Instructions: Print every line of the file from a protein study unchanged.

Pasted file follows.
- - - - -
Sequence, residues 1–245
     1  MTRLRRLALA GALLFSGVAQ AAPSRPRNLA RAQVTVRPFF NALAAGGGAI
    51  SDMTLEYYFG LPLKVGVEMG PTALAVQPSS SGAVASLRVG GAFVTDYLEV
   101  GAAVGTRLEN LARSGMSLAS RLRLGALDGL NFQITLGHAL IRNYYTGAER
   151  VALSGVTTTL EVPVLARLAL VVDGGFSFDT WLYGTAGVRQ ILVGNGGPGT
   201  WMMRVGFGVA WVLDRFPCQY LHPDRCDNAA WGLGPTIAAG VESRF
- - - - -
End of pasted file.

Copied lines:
Sequence, residues 1–245
     1  MTRLRRLALA GALLFSGVAQ AAPSRPRNLA RAQVTVRPFF NALAAGGGAI
    51  SDMTLEYYFG LPLKVGVEMG PTALAVQPSS SGAVASLRVG GAFVTDYLEV
   101  GAAVGTRLEN LARSGMSLAS RLRLGALDGL NFQITLGHAL IRNYYTGAER
   151  VALSGVTTTL EVPVLARLAL VVDGGFSFDT WLYGTAGVRQ ILVGNGGPGT
   201  WMMRVGFGVA WVLDRFPCQY LHPDRCDNAA WGLGPTIAAG VESRF